"Enter the late Amos Tversky -- the renowned Stanford psychologist largely credited for inventing the discipline of behavioral finance. A central tenet of this body of work is “prospect theory” -- the inarguable notion that consumers derive satisfaction from both current income and changes in their financial wealth positions. Through direct sampling of investor responses to hypothetical and real financial market situations, a powerful “loss aversion” motive can be identified: Consumers have been found to be far more sensitive to reductions in wealth rather than increases. The psychological angle is not hard to fathom. Tversky argued that the pain of loss is a far more powerful emotional response than the joy of gain. The issue for economists is when the pain begins to sink in......
America has just gone through the mother of all stock market bubbles. The average investor has not been willing to concede that the recent correction is for real. Up until very recently, dip-buying was considered the greatest opportunity of all in this secular bull market. Little wonder that mutual fund redemptions have been limited, at best. The behavioral psychologist in me would suggest that denial might well be the most powerful human emotion of all. The American individual investor simply did not want to accept the possibility that the magic was gone.
If that denial cracks -- and I fear that it will -- the negative wealth effect could be lethal on the downside. I have called this the “asymmetrical wealth effect” -- whereby a down stock market hurts the real economy by more than an up market helped it. This asymmetry is grounded in both theory and fact. The theory comes from Tversky -- the notion that once the pain finally sinks in, it could evoke a far more powerful response than expected. The facts rest on the lack of traditional saving for an aging and stock-market-dependent American population -- households who also lack the once secure safety net of defined-benefit pension arrangements. These are dangerous preconditions for an asymmetrical wealth effect, in my view -- one that could deal a lethal blow to the US economy."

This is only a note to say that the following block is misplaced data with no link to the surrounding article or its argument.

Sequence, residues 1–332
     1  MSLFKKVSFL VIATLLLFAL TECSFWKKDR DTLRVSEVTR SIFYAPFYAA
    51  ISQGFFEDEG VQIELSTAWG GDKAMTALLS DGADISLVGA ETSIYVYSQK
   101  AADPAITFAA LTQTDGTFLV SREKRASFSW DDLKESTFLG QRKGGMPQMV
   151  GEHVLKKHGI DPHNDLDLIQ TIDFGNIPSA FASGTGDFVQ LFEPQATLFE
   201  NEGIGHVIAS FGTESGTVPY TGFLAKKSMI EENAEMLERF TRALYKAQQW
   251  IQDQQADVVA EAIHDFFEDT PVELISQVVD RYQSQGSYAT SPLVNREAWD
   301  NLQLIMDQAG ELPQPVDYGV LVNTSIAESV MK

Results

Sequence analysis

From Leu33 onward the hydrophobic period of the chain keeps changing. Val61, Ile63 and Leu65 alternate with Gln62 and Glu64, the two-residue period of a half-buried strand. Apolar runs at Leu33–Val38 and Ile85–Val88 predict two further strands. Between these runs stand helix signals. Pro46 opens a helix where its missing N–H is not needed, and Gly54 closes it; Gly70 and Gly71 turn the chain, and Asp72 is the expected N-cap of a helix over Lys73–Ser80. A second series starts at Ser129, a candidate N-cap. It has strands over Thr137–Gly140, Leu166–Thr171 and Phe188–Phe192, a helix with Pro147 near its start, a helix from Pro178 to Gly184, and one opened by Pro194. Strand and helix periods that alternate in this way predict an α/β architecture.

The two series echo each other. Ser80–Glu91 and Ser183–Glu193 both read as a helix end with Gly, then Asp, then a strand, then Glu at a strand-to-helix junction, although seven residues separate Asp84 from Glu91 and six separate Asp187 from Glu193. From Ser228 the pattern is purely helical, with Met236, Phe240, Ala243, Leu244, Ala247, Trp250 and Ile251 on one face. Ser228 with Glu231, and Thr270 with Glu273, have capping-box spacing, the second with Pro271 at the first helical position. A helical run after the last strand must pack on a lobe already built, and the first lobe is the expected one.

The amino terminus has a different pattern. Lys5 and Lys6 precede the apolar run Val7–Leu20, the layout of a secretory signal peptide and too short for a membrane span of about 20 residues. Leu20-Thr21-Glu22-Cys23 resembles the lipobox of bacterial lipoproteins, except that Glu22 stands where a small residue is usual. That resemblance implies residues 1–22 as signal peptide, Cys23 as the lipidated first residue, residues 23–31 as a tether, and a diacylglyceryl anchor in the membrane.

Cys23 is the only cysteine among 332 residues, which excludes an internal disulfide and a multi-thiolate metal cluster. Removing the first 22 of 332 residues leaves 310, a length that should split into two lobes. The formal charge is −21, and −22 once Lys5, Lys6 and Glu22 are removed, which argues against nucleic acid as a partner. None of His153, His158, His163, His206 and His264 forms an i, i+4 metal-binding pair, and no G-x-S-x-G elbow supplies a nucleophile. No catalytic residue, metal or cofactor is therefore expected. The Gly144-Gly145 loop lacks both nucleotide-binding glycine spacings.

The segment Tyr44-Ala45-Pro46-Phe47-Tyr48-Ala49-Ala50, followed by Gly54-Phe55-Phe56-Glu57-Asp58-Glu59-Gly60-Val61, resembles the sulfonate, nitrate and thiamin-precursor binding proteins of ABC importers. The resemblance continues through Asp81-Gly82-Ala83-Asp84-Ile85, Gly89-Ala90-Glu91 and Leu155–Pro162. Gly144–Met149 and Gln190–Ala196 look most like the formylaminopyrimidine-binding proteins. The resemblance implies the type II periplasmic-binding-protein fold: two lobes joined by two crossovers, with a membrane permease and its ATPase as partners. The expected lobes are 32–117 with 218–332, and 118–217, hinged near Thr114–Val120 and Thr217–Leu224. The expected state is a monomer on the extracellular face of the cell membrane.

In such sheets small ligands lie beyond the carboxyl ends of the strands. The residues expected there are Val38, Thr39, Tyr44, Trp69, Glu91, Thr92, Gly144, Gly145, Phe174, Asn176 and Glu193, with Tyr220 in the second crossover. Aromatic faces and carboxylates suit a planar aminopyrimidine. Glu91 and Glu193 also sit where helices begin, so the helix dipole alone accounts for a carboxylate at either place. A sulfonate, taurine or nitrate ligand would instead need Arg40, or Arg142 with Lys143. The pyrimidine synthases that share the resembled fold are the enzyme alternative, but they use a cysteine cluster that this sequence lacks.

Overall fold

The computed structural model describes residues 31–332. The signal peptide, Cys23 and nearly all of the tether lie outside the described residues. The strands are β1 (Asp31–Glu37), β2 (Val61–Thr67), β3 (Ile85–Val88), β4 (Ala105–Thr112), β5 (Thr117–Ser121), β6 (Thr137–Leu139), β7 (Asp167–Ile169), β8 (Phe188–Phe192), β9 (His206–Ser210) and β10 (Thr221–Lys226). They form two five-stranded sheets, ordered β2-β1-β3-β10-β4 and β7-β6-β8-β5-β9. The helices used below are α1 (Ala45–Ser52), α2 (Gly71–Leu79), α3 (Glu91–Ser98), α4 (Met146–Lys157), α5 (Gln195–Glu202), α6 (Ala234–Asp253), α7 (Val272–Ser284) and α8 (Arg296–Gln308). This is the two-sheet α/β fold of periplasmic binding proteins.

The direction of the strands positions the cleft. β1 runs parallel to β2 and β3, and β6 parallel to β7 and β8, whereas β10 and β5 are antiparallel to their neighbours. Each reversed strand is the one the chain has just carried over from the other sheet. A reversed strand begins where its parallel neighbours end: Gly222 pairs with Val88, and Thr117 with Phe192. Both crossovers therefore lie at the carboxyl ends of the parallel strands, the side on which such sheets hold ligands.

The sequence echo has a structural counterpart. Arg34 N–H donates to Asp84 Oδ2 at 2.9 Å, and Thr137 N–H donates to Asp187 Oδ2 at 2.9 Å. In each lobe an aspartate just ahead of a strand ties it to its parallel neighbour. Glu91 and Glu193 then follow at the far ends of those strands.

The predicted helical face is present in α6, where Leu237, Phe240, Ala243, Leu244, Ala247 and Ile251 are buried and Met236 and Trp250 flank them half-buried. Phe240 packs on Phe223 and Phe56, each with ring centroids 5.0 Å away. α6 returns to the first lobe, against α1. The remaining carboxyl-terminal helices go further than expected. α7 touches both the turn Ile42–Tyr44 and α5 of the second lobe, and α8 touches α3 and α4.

Could it be that the moment Steven foresaw over a year ago is now, finally, approaching. I'm afraid I don't buy all the lethal dose stuff (and I'm non too sure about behavioral psychology), but the pain could be real enough, and its economic consequences important. After all, following the rage/bravado stage of the early 'war against terrorism', could it now finally be sinking in that we live in a dangerous, and unequal, world, and that we're not doing enough, or on enough fronts, to try to make it safer.
Really here I can't do better than the bard:
Surely some revalation is at hand;
Surely the second coming is at hand.
The second coming! Hardly are those words out
When a vast image out of Spiritus Mundi
Troubles my sight: somewhere in the sands of the desert
A shape with lion body and the head of a man,
A gaze blank and pitiless as the sun,
Is moving its slow thighs, while all about it
Reel shadows of the indignant desert birds.
The darkness drops again; but now I know
That twenty centuries of stony sleep
Were vexed to nightmare by a rocking cradle,
And what rough beast, its hour come round at last,
Slouches toward Bethlehem to be born?
The Second Coming
Discuss This Time is it More Than a Stock Correction
ONCE MORE ON THE DOLLAR
Well here goes on my first couter consensus call. THE DOLLAR ISN'T GOING TO FALL THROUGH THE FLOOR. Got that. There isn't going to be a dramatic re-adjustment of the dollar, not any time soon anyway. The dynanics of currency movements are different from the terrestial dynamics which gives us Newton's Law of 'what goes up must come down'. You see in the universe of exchange rate movements, at least as we know it today, for one thing to go up, something else (or somethings else) must come down. And here we have the rub. As matters stand right now, there's just nothing else ready to come up (of course gives us 10 to 20 years and in Asia generally there could be lots of things). But right now, it ain't ready babe, so we're stuck with what we've got.